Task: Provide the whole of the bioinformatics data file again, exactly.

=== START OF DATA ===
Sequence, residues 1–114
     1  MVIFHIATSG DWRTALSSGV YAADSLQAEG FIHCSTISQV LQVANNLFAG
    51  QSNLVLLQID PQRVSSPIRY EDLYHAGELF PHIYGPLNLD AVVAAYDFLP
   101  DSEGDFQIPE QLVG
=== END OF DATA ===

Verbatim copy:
Sequence, residues 1–114
     1  MVIFHIATSG DWRTALSSGV YAADSLQAEG FIHCSTISQV LQVANNLFAG
    51  QSNLVLLQID PQRVSSPIRY EDLYHAGELF PHIYGPLNLD AVVAAYDFLP
   101  DSEGDFQIPE QLVG